One of the most useful and most misunderstood ideas to come out of the Forge is the idea of Creative Agenda.
Let’s start this way: think back to a time, when you’ve played a roleplaying game and the entire group played great;
– Everyone knew what the game was “about”
– Everyone knew what “good play” looked like for this game and pursued it
– Everyone WANTED this game to work THIS way
This is what it looks like when you’ve got a functioning Creative Agenda – regardless of whether the group ever talked about what it would look like, or not.
Here’s three commonly recognized Creative Agendas:
Gamism is an easy to understand Creative Agenda; it’s identical to every form of “game” outside of roleplaying – there’s a challenge to be overcome and the fun is in overcoming it well! Chess, cards, boardgames, are all examples of this in action.
Gamism tends to catch a bad rap, yet, ironically, it’s the Creative Agenda that often sees the most functional play because it’s so widespread as an understanding of “what you do with a game”.
And that’s not to say gamism is a simple thing, either. Within it, not only do you have a lot of variation, much along the lines of the Timmy, Johnny, Spike preferences from Magic the Gathering, but also players love to get specific about what -kinds- of challenges and tactics are interesting to them – which is where you see divides – D&D gamist players talking about the choices and strategies in AD&D 1st Edition vs. 3rd. Edition vs. 4th edition is a good example.
Simulationist play specifically puts “fidelity” above everything else. Fidelity could be to a setting, to a genre, to “realism”, to immersion. While all roleplaying has limits on what could or couldn’t happen in play, simulationism puts the fidelity above all else.
If you were playing a Sim Star Wars game, the most important thing would be that play “feels” like Star Wars (whatever that means to your group).
If the dice or mechanics don’t consistently produce results that fit with “What Star Wars Feels Like” the group either fudges or changes the rules. If the choices players make for their characters don’t “feel like Star Wars” the players are either chastised or not invited back. This fidelity comes at the top of all things.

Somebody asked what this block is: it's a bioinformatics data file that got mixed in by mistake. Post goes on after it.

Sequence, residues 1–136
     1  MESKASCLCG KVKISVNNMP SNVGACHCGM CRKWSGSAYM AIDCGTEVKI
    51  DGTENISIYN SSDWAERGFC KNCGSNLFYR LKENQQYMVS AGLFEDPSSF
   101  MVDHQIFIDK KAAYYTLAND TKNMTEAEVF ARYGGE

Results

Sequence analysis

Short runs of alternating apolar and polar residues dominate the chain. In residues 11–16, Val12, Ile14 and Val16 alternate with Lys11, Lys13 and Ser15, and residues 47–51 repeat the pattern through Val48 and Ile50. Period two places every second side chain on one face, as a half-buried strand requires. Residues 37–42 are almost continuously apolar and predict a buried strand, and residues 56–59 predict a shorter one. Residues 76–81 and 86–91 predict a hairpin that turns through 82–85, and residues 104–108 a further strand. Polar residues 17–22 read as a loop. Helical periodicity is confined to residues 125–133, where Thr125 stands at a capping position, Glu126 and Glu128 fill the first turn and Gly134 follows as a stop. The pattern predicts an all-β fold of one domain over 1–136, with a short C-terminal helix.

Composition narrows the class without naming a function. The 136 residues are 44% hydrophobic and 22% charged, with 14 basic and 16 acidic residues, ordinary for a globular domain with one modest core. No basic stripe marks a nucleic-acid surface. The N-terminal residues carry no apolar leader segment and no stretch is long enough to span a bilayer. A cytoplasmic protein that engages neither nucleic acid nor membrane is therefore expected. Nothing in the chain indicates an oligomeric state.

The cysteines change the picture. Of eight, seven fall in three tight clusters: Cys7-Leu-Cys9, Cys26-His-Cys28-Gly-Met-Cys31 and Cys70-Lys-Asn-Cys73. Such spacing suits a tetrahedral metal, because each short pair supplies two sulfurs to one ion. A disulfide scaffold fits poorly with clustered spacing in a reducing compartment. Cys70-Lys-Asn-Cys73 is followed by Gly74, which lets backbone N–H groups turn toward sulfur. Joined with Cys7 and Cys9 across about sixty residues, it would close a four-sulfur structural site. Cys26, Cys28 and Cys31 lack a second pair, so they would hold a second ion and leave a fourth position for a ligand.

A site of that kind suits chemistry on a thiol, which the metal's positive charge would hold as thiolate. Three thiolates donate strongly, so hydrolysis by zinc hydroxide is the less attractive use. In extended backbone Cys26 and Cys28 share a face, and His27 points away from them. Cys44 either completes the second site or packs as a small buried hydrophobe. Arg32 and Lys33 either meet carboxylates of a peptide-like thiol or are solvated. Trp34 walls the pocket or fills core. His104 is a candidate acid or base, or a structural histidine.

People often mistake Simulationism to be talking solely about realism or complex rules to simulate some genre, but in reality, whether the methods used are simple or complex, it’s about maintaining that fidelity that drives play.
Although widely supported in terms of general game advice, Simulationism often has a hard time forming functional play groups. Whereas Gamist play talks primarily about concrete procedures (in the form of mechanics), Simulationist play often has a wide range of things it COULD apply fidelity to, and rarely good tools to talk about it.
This is why you’ll run across groups, who, basically stick together in their small group, rarely admit new players, and play the One Game They’re Into, because they’ve often spent many years going through different players to find Just The Right People Who Get It.
In other words- the people who also buy into the same fidelity they’re looking for, and don’t attempt to break those boundaries, knowingly or unknowingly.
Narrativist play is about one thing above all else: protagonism.
Not “protagonism” as in heroism, but protagonism as focal character(s) who face conflict (-agon) and make choices and take action in the face of it.